Massey Lecture 2 – Belonging: The Paradox of Citizenship

Tuesday,  October 14 – Halifax, Nova Scotia
Rebecca Cohn Auditorium – Dalhousie Arts Centre, 7 pm

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The term dêmokratia means, literally, people power.  As such, Athenian democracy, as articulated by figures such as Pericles, seemed to be free, tolerant, liberal, and engaging. The Greek word for virtue was ‘arete’, and this quality was popularized together with loyalty, courage, honesty, eagerness to serve the state, poverty, and self-restraint. As Aristotle put it, democracy was ‘to live as one wants. For this is, they assert, the work of freedom.'”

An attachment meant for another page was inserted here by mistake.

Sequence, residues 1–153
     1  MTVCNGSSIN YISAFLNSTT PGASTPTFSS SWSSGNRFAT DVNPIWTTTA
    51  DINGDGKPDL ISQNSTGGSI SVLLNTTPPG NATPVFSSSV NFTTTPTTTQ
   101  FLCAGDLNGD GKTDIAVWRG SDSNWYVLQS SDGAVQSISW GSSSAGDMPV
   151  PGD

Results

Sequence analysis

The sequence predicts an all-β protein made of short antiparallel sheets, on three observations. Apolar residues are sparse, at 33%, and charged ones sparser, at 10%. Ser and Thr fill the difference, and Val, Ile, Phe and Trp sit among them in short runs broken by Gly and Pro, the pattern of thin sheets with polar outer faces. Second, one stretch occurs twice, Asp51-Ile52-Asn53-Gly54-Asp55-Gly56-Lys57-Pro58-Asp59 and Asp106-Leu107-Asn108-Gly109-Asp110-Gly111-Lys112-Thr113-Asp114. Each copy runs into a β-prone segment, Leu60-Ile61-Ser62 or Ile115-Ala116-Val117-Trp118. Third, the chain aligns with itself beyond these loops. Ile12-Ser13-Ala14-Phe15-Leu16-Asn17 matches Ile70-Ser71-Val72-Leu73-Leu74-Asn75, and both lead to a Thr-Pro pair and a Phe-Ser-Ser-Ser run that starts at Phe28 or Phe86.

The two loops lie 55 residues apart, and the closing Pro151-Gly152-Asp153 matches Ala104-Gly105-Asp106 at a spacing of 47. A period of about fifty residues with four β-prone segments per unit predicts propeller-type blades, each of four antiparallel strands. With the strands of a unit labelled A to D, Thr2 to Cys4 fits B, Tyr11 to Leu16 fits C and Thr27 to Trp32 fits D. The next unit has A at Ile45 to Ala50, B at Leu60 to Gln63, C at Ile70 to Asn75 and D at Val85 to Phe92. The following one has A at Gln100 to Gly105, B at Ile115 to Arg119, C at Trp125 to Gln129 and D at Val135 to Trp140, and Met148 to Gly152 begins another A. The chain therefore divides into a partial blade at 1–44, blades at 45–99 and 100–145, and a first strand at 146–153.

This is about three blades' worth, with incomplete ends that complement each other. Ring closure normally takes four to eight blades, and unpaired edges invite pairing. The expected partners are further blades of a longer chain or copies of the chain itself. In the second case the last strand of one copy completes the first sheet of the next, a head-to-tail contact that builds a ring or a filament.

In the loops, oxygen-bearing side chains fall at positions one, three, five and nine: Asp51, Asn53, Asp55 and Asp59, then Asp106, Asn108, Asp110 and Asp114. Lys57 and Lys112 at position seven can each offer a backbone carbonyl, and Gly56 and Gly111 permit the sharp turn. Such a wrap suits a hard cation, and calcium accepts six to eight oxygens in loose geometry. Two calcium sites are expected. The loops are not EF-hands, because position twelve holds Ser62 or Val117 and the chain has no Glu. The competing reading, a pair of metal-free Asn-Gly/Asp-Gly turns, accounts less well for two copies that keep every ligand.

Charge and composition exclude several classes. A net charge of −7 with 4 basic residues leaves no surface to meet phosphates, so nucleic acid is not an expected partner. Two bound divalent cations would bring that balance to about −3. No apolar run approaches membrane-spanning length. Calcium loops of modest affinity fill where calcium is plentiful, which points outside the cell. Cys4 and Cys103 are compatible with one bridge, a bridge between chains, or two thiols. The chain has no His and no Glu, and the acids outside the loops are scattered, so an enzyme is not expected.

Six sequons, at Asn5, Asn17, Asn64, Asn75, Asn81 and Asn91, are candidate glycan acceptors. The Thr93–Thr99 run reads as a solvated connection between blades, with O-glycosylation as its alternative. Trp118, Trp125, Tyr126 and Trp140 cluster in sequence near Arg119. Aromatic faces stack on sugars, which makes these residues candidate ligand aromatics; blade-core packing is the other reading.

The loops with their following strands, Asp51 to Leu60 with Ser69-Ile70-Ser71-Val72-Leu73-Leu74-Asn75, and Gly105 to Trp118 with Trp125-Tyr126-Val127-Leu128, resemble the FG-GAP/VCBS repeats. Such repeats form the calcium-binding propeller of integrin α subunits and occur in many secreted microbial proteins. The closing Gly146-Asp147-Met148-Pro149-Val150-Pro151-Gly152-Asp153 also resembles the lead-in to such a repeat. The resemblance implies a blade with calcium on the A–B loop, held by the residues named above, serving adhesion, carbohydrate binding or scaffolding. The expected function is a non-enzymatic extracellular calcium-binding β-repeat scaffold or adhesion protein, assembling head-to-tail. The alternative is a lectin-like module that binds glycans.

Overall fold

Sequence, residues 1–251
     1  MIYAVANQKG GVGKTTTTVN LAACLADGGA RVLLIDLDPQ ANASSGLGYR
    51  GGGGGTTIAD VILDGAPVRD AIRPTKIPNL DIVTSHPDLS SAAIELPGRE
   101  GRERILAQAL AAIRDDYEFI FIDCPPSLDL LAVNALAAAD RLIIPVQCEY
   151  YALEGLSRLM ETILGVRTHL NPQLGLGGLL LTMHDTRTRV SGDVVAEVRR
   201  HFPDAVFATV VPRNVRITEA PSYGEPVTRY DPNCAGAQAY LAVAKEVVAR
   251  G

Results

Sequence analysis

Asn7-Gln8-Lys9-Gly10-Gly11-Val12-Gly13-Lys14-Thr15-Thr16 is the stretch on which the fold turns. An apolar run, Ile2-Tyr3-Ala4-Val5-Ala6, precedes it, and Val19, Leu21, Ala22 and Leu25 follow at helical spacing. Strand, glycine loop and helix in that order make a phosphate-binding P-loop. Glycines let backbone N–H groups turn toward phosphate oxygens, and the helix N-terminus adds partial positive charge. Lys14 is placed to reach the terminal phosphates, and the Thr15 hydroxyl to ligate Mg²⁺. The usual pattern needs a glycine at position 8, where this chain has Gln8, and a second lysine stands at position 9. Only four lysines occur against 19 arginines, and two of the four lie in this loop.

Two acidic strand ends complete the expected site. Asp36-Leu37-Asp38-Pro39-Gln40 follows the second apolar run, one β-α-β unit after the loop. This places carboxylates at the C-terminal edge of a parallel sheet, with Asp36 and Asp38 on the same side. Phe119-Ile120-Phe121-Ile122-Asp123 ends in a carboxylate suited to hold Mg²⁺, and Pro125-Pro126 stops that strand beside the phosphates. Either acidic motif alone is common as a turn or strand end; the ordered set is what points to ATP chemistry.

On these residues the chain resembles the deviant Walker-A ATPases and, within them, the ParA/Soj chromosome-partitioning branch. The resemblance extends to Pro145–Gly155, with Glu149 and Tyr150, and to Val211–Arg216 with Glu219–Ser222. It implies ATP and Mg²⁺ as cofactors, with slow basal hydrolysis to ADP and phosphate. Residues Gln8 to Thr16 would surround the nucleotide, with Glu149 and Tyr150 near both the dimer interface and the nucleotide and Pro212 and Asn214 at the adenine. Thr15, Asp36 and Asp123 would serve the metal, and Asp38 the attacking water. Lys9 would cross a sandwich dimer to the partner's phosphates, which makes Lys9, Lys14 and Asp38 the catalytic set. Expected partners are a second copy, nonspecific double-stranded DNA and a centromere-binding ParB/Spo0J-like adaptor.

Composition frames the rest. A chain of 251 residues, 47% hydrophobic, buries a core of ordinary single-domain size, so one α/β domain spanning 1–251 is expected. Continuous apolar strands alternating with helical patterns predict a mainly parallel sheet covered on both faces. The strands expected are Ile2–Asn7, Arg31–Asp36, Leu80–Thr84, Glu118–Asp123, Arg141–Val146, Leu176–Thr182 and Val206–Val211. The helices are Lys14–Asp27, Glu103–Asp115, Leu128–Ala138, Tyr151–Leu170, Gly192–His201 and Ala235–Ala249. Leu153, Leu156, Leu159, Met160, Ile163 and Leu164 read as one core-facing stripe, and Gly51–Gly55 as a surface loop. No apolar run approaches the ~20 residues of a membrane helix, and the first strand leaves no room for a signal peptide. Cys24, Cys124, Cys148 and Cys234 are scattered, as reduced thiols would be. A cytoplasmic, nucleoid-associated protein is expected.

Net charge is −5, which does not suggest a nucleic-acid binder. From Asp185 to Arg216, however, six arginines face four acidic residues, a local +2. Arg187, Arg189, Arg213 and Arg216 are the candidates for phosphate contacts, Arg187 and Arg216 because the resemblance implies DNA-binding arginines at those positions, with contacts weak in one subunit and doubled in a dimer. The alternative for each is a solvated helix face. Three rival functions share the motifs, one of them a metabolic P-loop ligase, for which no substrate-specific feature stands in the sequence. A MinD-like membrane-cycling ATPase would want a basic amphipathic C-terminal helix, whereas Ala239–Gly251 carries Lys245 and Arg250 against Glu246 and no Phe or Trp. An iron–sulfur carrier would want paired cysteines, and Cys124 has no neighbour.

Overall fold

Adrienne Clarkson

In ancient Greece, the great general Pericles set the stage for a new idea in the world: democracy, and its necessary inhabitant, the citizen. Greek society was far from the democratic ideals of today — there were profound class restrictions around who could be a citizen — but many of the ideals of that time do hold true today.  Perhaps not coincidentally, as an offshoot of the democratic idea, Pericles female companion Aspasia seems to have been readily accepted as an equal to the men in her social class.

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